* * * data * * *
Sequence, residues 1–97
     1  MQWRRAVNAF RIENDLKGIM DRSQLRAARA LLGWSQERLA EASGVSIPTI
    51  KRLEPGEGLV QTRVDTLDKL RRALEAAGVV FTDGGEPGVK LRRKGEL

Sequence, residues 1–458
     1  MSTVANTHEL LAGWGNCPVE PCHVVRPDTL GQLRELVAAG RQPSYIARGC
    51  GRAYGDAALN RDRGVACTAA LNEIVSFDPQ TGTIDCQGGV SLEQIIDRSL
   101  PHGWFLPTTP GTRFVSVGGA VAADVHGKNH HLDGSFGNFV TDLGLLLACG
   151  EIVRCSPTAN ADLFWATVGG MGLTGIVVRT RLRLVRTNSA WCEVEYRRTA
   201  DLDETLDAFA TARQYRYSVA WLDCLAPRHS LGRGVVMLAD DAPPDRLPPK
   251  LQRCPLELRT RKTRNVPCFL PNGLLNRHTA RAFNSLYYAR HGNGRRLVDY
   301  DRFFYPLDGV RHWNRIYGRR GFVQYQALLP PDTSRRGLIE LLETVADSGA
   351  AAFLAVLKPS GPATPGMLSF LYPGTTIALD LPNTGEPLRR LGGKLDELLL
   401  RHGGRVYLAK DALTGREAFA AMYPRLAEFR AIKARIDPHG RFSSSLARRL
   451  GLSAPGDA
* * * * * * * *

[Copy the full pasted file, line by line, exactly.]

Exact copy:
Sequence, residues 1–97
     1  MQWRRAVNAF RIENDLKGIM DRSQLRAARA LLGWSQERLA EASGVSIPTI
    51  KRLEPGEGLV QTRVDTLDKL RRALEAAGVV FTDGGEPGVK LRRKGEL

Sequence, residues 1–458
     1  MSTVANTHEL LAGWGNCPVE PCHVVRPDTL GQLRELVAAG RQPSYIARGC
    51  GRAYGDAALN RDRGVACTAA LNEIVSFDPQ TGTIDCQGGV SLEQIIDRSL
   101  PHGWFLPTTP GTRFVSVGGA VAADVHGKNH HLDGSFGNFV TDLGLLLACG
   151  EIVRCSPTAN ADLFWATVGG MGLTGIVVRT RLRLVRTNSA WCEVEYRRTA
   201  DLDETLDAFA TARQYRYSVA WLDCLAPRHS LGRGVVMLAD DAPPDRLPPK
   251  LQRCPLELRT RKTRNVPCFL PNGLLNRHTA RAFNSLYYAR HGNGRRLVDY
   301  DRFFYPLDGV RHWNRIYGRR GFVQYQALLP PDTSRRGLIE LLETVADSGA
   351  AAFLAVLKPS GPATPGMLSF LYPGTTIALD LPNTGEPLRR LGGKLDELLL
   401  RHGGRVYLAK DALTGREAFA AMYPRLAEFR AIKARIDPHG RFSSSLARRL
   451  GLSAPGDA